We present a simple guide to Marx, Marxian class theory, Marx’s theory of history, and Marx’s economic theories to help westerners understand what Marx was all about.
Economic inequality describes the income or wealth gap between individuals in a group and between groups. The term also typically implies the negative social consequences of the wealth or income gap.
In America we have a Progressive Federal Income Tax system broken down into “tax brackets”. Tax Filers pay the “marginal tax rate” on each dollar of income in a given bracket (after most deductions, but before tax credits).
We explain neoliberalism, globalization, nativism, and protectionism and the pros and cons of “neoliberal globalization” and “nativist protectionism.”
Below we explain how currency gets into circulation via the Treasury, Federal Reserve, and banks, and the role Congress, banks, businesses, and you play in the process.
We explain the Financial Crisis / Great Recession of 2007 – 2009 that began with the 2006 housing bubble, led to a recession in the U.S. by December 2007, and became a global crisis by 2009.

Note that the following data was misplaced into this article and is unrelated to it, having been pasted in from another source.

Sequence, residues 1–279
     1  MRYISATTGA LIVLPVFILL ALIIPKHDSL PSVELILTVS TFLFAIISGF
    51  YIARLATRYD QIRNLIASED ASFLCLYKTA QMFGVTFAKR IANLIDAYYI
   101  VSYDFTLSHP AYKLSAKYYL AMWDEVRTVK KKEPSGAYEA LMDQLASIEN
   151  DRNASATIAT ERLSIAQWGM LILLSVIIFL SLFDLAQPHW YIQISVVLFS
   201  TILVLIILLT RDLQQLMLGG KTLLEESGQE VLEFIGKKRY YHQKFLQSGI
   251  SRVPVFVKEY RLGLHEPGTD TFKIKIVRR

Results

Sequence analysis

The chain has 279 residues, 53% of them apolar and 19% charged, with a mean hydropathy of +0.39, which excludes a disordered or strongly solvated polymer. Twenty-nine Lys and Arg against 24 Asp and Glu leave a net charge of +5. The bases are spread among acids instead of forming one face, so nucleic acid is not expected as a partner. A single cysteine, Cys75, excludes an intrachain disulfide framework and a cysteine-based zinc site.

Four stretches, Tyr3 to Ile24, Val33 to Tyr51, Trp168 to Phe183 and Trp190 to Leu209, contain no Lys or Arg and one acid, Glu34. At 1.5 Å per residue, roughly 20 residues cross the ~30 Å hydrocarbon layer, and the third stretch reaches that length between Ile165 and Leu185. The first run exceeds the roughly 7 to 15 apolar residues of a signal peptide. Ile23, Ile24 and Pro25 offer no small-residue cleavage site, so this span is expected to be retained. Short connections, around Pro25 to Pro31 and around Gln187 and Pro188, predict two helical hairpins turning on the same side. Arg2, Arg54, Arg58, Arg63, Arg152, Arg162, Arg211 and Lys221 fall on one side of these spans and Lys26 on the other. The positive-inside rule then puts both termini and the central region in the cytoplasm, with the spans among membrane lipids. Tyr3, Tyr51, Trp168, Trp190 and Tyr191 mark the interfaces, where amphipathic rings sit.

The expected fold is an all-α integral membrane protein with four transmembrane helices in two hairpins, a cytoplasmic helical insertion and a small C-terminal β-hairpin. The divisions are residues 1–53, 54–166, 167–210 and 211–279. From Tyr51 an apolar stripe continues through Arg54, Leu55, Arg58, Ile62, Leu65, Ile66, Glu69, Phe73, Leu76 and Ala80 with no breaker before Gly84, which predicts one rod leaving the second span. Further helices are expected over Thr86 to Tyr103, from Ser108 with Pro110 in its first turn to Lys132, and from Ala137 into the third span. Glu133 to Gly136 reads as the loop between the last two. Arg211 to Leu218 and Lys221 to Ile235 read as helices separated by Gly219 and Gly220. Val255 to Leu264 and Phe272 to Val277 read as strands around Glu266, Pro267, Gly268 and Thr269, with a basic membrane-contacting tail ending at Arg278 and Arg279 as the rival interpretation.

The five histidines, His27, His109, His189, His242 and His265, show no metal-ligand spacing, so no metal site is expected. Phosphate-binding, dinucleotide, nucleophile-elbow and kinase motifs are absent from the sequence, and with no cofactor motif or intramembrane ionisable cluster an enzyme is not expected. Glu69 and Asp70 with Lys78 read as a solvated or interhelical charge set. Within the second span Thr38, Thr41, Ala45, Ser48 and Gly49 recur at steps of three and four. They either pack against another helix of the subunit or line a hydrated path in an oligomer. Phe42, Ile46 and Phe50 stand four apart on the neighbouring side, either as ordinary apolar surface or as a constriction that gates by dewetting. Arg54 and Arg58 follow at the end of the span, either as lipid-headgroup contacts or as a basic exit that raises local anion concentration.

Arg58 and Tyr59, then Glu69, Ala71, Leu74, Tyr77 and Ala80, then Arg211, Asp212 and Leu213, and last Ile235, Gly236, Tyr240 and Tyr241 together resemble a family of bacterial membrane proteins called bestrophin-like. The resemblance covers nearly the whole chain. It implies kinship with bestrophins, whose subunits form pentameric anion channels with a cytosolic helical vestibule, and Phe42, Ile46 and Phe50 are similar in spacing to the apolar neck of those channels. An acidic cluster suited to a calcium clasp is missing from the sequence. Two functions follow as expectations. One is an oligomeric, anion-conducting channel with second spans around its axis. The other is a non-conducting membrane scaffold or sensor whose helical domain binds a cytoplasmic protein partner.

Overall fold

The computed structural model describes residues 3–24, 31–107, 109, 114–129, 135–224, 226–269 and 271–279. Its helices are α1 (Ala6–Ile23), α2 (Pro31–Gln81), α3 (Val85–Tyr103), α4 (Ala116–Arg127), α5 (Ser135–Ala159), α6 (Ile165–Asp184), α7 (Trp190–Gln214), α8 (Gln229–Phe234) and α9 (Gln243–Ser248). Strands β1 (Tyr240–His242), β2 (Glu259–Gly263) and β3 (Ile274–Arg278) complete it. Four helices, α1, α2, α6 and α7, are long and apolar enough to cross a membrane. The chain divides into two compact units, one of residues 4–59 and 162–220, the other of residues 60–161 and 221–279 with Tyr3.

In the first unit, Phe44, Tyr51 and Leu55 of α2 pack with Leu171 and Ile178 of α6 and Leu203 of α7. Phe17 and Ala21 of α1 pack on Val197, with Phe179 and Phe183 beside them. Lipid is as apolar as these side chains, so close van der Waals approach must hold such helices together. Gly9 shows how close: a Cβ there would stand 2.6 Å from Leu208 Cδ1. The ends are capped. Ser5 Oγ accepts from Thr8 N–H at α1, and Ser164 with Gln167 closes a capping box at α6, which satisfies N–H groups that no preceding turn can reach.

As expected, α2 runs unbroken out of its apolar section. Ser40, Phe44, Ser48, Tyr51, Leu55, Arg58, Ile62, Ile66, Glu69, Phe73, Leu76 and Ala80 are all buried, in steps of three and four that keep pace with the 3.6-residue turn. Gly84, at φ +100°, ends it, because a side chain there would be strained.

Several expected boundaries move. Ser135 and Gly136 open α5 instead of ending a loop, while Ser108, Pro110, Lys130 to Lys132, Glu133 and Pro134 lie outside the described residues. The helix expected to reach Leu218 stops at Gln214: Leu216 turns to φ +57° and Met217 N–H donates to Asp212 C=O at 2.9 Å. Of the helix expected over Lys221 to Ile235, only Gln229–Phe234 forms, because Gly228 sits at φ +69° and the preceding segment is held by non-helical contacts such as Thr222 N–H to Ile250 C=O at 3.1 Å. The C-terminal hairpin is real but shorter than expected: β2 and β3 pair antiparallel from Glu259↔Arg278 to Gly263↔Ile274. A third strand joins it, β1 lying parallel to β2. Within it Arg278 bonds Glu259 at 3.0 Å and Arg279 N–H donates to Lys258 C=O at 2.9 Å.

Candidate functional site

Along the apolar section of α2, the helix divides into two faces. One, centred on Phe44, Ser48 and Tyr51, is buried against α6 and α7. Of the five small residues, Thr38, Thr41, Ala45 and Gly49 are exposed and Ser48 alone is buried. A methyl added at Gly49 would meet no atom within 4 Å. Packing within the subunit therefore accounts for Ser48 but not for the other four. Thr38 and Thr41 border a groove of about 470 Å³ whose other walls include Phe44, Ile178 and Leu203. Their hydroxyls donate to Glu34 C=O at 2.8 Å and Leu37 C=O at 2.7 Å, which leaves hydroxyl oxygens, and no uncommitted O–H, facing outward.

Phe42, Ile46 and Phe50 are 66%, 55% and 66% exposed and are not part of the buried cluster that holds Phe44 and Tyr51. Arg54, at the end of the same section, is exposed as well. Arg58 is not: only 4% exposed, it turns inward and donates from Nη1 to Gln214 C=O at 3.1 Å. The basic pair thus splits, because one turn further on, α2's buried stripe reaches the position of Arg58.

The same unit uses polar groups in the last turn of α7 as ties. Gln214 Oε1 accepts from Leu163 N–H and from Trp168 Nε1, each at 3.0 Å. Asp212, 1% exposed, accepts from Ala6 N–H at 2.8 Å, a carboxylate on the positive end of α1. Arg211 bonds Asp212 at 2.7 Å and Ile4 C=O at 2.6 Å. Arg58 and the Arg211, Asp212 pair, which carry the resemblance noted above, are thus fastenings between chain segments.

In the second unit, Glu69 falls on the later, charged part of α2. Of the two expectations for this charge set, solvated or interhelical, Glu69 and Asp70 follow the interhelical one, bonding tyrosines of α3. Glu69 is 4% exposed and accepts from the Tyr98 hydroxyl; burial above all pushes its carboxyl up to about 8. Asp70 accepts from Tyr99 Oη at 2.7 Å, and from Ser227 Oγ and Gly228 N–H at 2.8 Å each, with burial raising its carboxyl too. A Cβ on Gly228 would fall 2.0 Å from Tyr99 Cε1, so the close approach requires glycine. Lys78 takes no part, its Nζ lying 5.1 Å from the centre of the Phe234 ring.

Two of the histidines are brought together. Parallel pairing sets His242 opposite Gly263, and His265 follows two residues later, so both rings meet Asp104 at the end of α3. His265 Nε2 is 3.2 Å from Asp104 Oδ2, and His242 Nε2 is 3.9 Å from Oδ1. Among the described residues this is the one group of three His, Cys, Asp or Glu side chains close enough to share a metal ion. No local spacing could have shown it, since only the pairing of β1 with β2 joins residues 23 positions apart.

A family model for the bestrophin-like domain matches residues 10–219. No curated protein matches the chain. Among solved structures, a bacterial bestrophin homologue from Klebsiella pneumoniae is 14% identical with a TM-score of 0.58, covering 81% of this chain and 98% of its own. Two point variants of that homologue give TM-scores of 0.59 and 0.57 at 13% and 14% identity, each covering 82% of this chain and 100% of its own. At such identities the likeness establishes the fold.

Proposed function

Below we present an annotated version of Andrew Carnegie’s 1889 essay Wealth (better known as the Gospel of Wealth).
We examine the historical effects of social, political, and economic inequality on society to see how it has led to social unrest and events like revolutions and populist uprisings.
We explain populism, globalization, nativism, nationalism, neoliberalism, modernization, and other terms important for understanding modern world politics.
The United States is a Federal Republic with democratic values that some claim contains a growing oligarchy (or corporatocracy). We look at those claims.
We explain economic inequality from a historical perspective, and then consider the effects of wealth inequality and income inequality in America today.